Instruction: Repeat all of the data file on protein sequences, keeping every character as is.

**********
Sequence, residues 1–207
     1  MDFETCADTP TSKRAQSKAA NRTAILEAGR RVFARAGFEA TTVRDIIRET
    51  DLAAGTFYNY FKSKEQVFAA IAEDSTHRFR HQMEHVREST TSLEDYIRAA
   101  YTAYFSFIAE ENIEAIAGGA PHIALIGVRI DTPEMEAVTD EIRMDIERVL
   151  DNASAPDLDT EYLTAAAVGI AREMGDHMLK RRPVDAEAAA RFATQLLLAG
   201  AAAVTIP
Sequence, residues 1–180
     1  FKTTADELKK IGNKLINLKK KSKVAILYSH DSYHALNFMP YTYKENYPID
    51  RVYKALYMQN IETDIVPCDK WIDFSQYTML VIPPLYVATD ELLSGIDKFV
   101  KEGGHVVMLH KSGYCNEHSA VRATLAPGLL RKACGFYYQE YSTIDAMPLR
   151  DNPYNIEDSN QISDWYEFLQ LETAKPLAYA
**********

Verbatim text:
Sequence, residues 1–207
     1  MDFETCADTP TSKRAQSKAA NRTAILEAGR RVFARAGFEA TTVRDIIRET
    51  DLAAGTFYNY FKSKEQVFAA IAEDSTHRFR HQMEHVREST TSLEDYIRAA
   101  YTAYFSFIAE ENIEAIAGGA PHIALIGVRI DTPEMEAVTD EIRMDIERVL
   151  DNASAPDLDT EYLTAAAVGI AREMGDHMLK RRPVDAEAAA RFATQLLLAG
   201  AAAVTIP
Sequence, residues 1–180
     1  FKTTADELKK IGNKLINLKK KSKVAILYSH DSYHALNFMP YTYKENYPID
    51  RVYKALYMQN IETDIVPCDK WIDFSQYTML VIPPLYVATD ELLSGIDKFV
   101  KEGGHVVMLH KSGYCNEHSA VRATLAPGLL RKACGFYYQE YSTIDAMPLR
   151  DNPYNIEDSN QISDWYEFLQ LETAKPLAYA